A Short Lifespan For CFL Players

Chris Benoit the WWE superstar suffered dramatic changes, because of brain damage, in his personality with the result that he killed his wife, his 7 year old son and killed himself. He was in the age of the middle fiftees at the time. His brain was given to reseachers for study who noted that this repeated injury, over time, can result in personality change, early dementia and death.

Cfl players who have been also subject to many concussions, with grave results, are prone to the same symptoms . Mike Webster {NFL} died at age 50. He lived in torment, prior to his death, with depression, divorce and addictions stemming from his football injuries. Three linemen from the EE [ York Hentshel, David Boone and Bill Stevenson ] were such victims with early deaths due to sustained conncussions. Bill Stevenson, as an example, had a horrible post CFL life with personal, business failures, alcoholism, cognitive and memory problems and, ending his life in a homeless shelter at the age of 55. Repeated concussions over time can result in a person of 55 having the brain of an 85 year old man. Dementia [ hearing voices, delusiomal thinking, irrational cognitions etc.] are the symptoms of such conditions,

A McGill study found that 4 out of 5 football players do not report concussions and, continue to play football possibly leaving themselves open to this sustained injury. To those players who have lengthy football careers their lifespan could consist of 55 years- lineman 52 years. The study found that the players often minimize, or deny, their mental symptoms. Dan Kepley noted that players love the game to such a degree that they will play with injury despite the risk. The CFL Commissioner is aware of these statistics and, noted that the CFL is attempting to combat this risk with better football helmets and, penalizing players who use their helmets as a weapon. I have noted this year to date that penalties are given to defensive players who have destructive potential play- an example is the penalty for tackling the QB below the knees or above the shoulders.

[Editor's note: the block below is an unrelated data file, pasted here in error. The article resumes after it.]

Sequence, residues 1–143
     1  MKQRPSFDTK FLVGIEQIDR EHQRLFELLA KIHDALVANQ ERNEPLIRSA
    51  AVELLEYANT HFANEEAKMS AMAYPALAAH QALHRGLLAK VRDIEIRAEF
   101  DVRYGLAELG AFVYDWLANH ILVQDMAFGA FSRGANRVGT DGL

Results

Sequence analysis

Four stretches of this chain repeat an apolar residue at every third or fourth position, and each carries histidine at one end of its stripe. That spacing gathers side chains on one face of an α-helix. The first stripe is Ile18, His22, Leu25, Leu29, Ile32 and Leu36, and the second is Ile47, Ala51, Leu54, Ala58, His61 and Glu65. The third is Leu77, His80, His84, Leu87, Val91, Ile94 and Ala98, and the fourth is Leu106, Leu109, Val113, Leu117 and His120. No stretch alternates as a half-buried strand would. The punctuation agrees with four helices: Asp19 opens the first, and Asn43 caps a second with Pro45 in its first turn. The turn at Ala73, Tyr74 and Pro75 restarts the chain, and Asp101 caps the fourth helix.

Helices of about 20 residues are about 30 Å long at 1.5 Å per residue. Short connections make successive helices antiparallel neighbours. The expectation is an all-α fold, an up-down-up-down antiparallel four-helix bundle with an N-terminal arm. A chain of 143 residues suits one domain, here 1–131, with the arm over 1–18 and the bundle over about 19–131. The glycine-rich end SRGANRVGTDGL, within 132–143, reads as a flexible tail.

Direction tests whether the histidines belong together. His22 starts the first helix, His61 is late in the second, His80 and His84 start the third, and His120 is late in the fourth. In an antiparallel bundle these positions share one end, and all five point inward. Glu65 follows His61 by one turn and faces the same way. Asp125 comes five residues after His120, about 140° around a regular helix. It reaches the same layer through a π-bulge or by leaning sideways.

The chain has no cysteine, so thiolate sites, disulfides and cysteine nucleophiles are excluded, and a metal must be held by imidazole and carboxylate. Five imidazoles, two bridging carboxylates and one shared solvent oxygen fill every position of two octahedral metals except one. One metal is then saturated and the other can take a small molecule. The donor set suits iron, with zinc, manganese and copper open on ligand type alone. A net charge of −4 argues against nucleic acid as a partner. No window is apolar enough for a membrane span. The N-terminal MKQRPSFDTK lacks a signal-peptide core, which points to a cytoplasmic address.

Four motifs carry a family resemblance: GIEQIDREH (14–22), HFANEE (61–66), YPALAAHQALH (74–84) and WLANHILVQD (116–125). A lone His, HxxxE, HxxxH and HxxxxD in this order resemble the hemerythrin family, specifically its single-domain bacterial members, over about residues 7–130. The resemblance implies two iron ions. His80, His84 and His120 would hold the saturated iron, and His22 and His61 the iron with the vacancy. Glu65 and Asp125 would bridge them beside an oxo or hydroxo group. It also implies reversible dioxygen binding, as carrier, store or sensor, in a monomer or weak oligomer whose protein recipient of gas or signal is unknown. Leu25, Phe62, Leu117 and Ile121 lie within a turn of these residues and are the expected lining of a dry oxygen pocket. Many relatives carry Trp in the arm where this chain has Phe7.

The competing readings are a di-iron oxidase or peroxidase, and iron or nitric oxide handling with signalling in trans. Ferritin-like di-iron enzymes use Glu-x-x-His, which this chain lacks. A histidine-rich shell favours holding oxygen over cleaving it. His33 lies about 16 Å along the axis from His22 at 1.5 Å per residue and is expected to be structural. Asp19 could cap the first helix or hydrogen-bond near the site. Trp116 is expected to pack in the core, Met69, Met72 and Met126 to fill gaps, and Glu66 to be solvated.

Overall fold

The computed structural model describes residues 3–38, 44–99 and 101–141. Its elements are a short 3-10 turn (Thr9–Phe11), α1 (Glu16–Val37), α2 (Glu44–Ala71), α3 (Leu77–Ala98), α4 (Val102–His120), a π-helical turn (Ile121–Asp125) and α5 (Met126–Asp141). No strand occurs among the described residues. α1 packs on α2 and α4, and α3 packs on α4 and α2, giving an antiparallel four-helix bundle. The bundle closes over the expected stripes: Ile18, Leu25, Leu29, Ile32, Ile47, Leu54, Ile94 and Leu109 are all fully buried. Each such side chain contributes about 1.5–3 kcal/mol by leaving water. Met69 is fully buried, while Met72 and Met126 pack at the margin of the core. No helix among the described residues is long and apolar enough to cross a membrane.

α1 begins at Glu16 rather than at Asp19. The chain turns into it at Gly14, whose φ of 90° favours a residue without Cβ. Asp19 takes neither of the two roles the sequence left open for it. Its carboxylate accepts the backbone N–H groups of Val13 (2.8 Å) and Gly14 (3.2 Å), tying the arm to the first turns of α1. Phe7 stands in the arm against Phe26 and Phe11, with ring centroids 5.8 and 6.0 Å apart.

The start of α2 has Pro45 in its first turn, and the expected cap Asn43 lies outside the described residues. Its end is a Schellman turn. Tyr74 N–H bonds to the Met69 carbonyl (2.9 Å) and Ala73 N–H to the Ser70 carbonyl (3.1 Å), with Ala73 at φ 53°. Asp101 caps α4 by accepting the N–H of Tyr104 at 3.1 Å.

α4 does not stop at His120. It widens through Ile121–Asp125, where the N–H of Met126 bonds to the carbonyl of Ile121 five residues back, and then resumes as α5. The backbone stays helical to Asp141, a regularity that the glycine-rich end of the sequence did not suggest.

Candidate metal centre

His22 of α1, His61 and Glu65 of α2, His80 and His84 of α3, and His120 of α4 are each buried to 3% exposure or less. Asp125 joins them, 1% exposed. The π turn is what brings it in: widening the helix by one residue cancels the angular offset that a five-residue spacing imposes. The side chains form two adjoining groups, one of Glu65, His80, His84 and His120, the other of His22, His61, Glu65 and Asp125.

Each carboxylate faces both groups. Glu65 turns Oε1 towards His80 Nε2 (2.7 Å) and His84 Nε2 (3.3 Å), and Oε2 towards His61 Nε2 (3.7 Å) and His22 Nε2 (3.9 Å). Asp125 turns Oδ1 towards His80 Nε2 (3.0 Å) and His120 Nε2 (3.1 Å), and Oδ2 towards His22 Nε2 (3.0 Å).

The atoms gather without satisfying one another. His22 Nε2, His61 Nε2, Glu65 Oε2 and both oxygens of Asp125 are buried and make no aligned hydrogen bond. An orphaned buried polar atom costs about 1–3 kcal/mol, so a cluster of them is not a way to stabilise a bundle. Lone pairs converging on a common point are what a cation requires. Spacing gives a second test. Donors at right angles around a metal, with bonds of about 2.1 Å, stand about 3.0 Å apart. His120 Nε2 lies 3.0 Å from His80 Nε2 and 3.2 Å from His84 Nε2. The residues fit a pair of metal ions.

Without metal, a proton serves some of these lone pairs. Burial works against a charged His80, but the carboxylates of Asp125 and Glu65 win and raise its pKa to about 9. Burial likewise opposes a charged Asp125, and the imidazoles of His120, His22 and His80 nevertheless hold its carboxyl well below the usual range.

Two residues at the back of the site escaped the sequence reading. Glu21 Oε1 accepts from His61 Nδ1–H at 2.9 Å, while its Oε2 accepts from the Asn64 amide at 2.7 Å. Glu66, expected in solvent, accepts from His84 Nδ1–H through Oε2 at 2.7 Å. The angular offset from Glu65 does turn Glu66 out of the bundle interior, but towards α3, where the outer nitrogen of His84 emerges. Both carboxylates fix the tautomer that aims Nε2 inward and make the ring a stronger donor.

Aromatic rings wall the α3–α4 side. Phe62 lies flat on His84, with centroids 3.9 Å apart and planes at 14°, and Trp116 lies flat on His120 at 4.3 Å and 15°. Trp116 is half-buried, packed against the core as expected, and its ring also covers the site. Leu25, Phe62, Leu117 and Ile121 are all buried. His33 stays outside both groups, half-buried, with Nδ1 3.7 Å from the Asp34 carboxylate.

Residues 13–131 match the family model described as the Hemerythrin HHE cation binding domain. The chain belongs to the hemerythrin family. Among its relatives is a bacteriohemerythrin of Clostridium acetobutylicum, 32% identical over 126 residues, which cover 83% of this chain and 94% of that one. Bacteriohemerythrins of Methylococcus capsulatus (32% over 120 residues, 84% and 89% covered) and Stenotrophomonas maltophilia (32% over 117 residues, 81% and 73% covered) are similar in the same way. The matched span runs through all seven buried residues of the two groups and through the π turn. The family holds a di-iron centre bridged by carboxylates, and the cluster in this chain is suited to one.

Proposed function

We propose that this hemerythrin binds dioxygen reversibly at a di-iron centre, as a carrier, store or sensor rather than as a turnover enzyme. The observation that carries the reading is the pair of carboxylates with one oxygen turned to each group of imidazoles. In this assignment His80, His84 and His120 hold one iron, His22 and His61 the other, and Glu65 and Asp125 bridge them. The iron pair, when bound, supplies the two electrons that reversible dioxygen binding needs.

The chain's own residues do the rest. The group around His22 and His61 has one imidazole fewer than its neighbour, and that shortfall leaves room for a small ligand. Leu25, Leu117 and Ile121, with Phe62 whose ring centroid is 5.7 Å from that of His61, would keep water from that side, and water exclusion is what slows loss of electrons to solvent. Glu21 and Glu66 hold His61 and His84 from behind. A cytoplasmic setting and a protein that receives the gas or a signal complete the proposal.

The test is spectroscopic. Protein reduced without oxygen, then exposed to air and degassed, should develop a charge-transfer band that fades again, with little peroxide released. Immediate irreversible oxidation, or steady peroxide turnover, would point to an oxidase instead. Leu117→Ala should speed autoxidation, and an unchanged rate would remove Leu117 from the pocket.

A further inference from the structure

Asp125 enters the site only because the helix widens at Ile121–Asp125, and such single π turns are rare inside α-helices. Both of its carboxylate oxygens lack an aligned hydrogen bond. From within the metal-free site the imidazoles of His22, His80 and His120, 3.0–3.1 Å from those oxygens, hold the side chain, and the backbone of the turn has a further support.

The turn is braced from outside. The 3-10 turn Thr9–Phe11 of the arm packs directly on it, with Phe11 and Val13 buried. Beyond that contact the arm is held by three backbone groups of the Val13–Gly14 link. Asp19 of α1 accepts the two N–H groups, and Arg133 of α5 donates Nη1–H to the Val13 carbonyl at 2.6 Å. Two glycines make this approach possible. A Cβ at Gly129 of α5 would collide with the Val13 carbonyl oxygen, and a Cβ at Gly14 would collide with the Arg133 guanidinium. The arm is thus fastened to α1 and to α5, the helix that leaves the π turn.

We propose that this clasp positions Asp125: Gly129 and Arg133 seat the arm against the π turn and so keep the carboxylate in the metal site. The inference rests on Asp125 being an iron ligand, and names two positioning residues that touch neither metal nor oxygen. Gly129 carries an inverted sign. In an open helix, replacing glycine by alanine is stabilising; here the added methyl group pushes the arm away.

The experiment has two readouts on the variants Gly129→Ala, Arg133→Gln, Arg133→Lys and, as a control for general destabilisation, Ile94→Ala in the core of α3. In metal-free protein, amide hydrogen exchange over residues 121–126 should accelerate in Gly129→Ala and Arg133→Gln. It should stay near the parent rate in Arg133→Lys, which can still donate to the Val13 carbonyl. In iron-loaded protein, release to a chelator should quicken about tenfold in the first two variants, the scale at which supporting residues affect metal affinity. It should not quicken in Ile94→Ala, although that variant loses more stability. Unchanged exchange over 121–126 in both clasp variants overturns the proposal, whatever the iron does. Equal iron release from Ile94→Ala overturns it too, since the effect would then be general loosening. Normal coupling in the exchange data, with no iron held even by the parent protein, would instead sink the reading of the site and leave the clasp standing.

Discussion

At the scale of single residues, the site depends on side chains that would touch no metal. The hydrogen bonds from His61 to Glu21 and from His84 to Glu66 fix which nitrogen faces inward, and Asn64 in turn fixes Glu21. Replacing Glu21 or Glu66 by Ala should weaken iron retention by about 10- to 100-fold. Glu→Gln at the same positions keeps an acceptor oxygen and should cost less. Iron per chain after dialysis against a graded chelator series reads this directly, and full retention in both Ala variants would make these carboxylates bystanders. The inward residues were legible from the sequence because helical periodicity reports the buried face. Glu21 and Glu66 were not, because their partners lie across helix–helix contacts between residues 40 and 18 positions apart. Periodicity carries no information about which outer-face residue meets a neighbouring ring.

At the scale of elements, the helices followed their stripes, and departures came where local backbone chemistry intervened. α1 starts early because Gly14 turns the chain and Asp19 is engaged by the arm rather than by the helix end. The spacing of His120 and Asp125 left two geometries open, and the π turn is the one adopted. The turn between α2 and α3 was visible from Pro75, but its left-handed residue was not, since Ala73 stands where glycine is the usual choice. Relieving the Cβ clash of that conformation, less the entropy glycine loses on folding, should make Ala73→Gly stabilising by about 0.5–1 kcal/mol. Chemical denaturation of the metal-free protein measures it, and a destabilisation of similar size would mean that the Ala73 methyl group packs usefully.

This material can be found on cbc.ca/thefifthestate .I missed the last half of the Toronto-Calgary game to view this program. The Fifth Estate will be repeated sometime next week. AS a father I am glad my sons are not football players.

it's all in the way they played the game.

there are many many players who never have problems with injuries or brain issues.

Kepley was nuts anyways, which is why he had so many concussions.

but there are many players out there who have no issues at all.

I played 8 years of football and not 1 head injury. just a shoulder problem.

But there are a lot of players who have suffered numerous concussions. And often these are the types of people who are so competitive that they refuse to admit they are having problems, or perhaps return from injuries too soon.

I'm thinking of guys like Matt Dunigan, who would deliver a hit rather than take one. You admire his toughness in the way he played, and his tenacity in not wanting to sit out. But at the same time you know that he's not doing himself any favours in the long run. Dave Dickenson is another who probably suffered more concussions than he should have before hanging them up.

Though it's probably unlikely that their cases will result in the extreme situations mentioned above, it's quite possible that there will be some effect on their lives in the future.